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Prof. Francisco ChinestaProf. Francisco Chinesta

Professor of Computational Physics
ENSAM ParisTech 

Francisco Chinesta is currently full Professor of computational physics at ENSAM ParisTech (Paris, France). He was (2008-2012) AIRBUS Group chair professor He is honorary fellow of the “Institut Universitaire de France”, Fellow of the Spanish Royal Academy of Engineering. He received many scientific awards in four different fields: bio-engineering, material forming processes, rheology, and computational mechanics. He is author of 300 papers in peer-reviewed international journals and more than 600 contributions in conferences. 

He is president of the French association of computational mechanics (CSMA) and director of the CNRS research group on model order reduction techniques in engineering sciences. He is editor and associate editor of many journals. Since 2013 he has been ESI chair professor on advanced modeling and simulation of materials, structures, processes and systems, and he is the president of ESI Group Scientific Committee.

Abstract

The era of “Twins”!

A new paradigm for simulation-and-data-based engineering as applied to materials, processes, structures, and systems. 


In the previous industrial revolution, virtual twins emulating a physical system were considered as the major protagonists of simulation-based engineering. This type of twin was usually based on numerical, yet static, models that were used, often separately and independently, in designing, manufacturing and testing complex systems and their components. They were, however, not expected to accommodate or assimilate data. The reason is that the characteristic time of standard simulations was, and still is even today, not compatible with the real-time-response required to perform a meaningful intervention or control of an active process.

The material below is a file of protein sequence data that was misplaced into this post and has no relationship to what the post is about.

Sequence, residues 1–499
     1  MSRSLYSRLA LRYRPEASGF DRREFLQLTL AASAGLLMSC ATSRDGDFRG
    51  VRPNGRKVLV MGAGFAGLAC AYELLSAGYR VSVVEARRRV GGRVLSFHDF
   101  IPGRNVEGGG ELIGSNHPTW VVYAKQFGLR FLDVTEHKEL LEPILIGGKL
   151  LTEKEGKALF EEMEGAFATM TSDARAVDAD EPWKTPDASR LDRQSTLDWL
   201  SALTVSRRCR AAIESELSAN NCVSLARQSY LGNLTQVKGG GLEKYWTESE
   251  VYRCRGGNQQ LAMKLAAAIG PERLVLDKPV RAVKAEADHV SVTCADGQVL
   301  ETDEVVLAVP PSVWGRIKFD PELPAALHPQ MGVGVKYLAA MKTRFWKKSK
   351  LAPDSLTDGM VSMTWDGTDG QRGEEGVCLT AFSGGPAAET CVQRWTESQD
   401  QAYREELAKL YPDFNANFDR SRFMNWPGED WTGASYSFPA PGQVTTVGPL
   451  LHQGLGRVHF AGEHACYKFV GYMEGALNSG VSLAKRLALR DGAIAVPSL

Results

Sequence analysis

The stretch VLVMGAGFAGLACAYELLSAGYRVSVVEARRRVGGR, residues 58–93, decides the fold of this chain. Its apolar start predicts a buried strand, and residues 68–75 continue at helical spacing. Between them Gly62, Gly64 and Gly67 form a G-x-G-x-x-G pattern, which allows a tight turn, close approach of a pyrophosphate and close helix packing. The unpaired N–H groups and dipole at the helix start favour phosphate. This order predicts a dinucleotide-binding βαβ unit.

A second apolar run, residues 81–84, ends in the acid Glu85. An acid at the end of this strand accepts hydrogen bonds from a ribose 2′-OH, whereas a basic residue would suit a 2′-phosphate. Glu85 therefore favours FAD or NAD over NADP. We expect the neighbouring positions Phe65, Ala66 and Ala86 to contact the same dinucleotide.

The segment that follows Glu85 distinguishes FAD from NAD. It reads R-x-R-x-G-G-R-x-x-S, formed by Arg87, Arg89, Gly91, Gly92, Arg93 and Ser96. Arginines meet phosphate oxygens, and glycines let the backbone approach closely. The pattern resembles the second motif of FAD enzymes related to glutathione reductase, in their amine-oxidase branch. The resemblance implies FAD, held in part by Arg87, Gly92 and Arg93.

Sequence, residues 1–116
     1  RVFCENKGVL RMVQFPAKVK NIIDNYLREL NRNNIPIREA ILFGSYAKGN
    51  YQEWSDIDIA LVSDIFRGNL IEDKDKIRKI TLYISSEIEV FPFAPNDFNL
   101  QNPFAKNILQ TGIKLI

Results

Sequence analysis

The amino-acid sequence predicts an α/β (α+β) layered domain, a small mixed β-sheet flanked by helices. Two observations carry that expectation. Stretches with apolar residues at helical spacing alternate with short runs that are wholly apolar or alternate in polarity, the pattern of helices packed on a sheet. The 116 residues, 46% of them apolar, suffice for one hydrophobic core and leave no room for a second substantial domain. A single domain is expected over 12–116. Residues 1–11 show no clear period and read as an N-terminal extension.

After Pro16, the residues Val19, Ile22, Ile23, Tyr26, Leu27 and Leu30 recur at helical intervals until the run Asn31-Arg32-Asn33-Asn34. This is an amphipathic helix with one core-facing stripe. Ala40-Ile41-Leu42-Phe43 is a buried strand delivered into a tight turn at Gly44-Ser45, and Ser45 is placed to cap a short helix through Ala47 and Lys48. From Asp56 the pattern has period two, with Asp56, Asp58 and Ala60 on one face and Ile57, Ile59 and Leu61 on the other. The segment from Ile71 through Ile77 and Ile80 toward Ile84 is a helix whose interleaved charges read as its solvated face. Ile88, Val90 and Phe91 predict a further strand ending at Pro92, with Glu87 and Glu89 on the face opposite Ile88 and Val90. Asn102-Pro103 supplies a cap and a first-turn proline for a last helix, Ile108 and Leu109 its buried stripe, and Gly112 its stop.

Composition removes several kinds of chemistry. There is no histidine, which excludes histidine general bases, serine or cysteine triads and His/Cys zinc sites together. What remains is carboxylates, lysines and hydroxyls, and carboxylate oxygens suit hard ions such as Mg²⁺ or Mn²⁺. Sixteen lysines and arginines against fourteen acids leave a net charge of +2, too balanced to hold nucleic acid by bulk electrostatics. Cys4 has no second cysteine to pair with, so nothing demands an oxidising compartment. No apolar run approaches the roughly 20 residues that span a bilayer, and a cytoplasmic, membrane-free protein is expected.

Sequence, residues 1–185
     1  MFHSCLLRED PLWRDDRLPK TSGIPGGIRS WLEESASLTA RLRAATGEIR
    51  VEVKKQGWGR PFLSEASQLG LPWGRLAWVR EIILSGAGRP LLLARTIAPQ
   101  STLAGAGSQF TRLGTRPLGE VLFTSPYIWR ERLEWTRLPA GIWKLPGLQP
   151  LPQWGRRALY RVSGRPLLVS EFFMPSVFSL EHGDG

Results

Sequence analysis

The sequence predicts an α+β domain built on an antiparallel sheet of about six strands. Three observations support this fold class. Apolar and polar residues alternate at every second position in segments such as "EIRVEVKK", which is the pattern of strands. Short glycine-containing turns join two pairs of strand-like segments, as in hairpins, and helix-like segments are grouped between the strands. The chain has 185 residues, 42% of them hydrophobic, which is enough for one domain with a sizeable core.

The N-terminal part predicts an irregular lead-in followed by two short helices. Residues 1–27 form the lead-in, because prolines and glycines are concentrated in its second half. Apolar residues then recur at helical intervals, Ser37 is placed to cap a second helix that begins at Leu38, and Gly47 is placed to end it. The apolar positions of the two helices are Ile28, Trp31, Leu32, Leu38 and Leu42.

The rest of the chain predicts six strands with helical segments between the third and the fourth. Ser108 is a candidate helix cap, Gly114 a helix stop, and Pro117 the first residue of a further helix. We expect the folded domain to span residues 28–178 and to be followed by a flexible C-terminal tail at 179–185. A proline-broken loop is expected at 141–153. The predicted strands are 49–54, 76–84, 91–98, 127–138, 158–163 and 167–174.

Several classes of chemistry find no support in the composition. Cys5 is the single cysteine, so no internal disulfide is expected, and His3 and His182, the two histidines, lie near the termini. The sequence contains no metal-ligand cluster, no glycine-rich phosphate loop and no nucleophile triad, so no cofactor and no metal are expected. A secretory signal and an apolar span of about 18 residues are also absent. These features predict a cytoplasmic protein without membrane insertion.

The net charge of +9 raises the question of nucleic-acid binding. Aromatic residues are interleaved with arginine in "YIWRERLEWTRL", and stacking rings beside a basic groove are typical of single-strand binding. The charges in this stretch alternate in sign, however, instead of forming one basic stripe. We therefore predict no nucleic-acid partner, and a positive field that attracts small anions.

The next generation of twins, digital twin, allows real-time decision-making by using powerful data analytics, machine learning and artificial intelligence on the abundant collected data. Thus, predictive and operative maintenance, and data-based control can be possible. However, creating a data-based model from scratch is expensive and sometimes requires too much data that can be difficult or even impossible to collect. Hence, a hybrid paradigm seems more pertinent - a paradigm that allows also for predictions from a physics-based model, whose noticed deviations from the physical measurements provides an opportunity to learn on-the-fly. The latter can be defined as the “deviation data-based model”, which represents identification issues or an epistemic ignorance inherent in the considered physics-based model. In other words, it is indeed a new paradigm of “data-based engineering and engineered data”.

Though the hybrid approach, combining two models – one based on the physics and the other on the prediction/measurement deviation – seems the most appealing modeling framework. The challenge remains within the “computation time”! 

In order to perform predictions in real time, models based on the physics must be calibrated and solved under the stringent real-time constraint, also the data-based model should be learned online in real-time.  In both cases, Model Order Reduction (MOR) techniques open new possibilities for more efficient simulations and modeling enabling real-time feedbacks. The Proper Generalized Decomposition (PGD) method, is one of these well-established MOR techniques that consists of calculating offline a parametric model containing the solutions of all possible scenarios – while circumventing the combinatorial exposition. It enables real-time simulation, optimization, inverse and sensitivity analyses, uncertainty propagation and simulation-based control.

The Dynamic Data Driven Applications Systems (DDDAS) based on the hybrid paradigm outlined above constitutes a new era in simulation-based-and-data engineering sciences. It is applicable across materials, processes, structures, and complex systems – bridging design, manufacturing, and the systems in-operation throughout their lives, enhancing their performances and lifecycle.